Put your safety first, being labeled a prepper in today’s world is not a walk in the park, you will face criticism, and it will only make things harder for yourself while you are prepping.
#9. Stay Alert and Aware 24/7
We covered the basis of this in the second entry; however, knowing your surroundings is more than just knowing your area.
You need to be on high alert every day, whenever you walk into an unknown place, make sure that you know where the emergency exits and the safe-zones are, this way you will be able to get to them quickly if there is a problem.
Make it a habit to study where you are, what the people are like and what you would do should disaster strike, at the beginning it will be hard to do, but with time plans will come easier and it will become second nature to scan your surroundings.
A big part of knowing your surrounding is knowing the people you are surrounded with. Indulge in some people watching and stay away from people who look like trouble. Remember the reading habit we mentioned on the fourth entry?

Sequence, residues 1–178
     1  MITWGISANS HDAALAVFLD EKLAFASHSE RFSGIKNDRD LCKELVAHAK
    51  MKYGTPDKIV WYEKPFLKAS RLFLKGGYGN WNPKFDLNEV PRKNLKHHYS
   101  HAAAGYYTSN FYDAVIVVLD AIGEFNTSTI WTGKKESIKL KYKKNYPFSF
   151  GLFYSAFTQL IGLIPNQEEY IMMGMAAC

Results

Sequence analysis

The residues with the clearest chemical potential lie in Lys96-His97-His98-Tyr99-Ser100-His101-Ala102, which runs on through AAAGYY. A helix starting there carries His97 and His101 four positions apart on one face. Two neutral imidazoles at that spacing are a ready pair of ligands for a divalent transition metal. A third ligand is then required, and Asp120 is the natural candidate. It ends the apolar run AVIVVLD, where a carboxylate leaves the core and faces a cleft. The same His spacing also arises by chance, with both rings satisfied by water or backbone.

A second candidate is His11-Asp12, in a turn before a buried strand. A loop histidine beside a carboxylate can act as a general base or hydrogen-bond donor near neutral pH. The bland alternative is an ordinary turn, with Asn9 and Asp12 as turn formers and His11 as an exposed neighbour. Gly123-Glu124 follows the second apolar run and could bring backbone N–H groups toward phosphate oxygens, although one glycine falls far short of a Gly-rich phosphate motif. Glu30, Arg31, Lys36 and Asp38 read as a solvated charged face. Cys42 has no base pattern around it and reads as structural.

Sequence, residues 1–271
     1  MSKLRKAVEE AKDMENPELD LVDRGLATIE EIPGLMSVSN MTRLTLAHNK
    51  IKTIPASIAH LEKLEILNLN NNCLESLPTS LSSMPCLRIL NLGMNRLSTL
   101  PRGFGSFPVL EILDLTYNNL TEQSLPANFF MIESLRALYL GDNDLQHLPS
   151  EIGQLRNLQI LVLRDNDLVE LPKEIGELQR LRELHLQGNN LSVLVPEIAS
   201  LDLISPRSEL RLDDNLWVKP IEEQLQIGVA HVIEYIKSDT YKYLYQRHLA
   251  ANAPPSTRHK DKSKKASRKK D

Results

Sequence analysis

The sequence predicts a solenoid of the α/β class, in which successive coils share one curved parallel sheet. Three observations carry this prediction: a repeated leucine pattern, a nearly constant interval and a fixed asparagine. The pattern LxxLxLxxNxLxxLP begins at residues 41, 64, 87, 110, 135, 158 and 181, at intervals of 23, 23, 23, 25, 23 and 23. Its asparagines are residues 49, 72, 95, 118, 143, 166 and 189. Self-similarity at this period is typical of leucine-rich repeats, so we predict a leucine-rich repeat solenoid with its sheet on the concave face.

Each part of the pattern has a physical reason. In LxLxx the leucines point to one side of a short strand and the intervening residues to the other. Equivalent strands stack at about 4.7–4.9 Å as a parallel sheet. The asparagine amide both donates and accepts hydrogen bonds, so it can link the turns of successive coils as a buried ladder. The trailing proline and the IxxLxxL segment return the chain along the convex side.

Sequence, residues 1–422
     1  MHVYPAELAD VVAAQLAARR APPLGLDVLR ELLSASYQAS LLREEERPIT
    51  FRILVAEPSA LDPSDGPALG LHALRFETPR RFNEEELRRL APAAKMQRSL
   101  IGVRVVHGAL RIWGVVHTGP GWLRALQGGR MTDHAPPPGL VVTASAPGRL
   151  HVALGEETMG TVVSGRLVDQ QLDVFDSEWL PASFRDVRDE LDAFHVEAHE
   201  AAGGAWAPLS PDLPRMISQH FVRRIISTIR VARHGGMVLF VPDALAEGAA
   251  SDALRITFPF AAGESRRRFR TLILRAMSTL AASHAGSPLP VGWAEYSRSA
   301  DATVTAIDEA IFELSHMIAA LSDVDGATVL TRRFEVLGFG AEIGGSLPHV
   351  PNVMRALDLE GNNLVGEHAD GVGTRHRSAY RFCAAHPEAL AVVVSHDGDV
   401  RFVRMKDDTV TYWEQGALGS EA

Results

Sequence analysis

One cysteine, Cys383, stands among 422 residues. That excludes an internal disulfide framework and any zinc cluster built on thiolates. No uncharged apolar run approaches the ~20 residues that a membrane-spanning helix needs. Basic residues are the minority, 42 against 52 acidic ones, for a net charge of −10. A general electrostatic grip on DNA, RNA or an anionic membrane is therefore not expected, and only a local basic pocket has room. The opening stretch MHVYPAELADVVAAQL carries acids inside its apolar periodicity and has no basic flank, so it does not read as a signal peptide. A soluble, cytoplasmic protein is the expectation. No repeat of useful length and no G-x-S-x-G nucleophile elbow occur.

You can add to your reading list a few books on reading body language. This will be incredibly useful and will allow you to make a more educated guess on who means trouble. Watch people and act on your gut instinct, it is right most of the time.
Building up good habits is far easier than breaking bad ones; it just takes discipline and will power.
In the beginning, you might need something to remind you to get some of these done, setting up alarms or post-it notes around your house is a good idea at the very beginning so long as you remember to wean yourself off them so that it will become a habit rather than another chore. All that remains to say in closing is keep at it and good luck!
My name is Teresa Fikes. I am a Homesteader, survivalist, prepper, historian, and writer plus much more all in one package deal. I was raised on a small family farm were I was taught at an early age to survive off the land without the help of modern conveniences. I am a writer by profession and a Homesteader by Blood, Sweat, and Tears.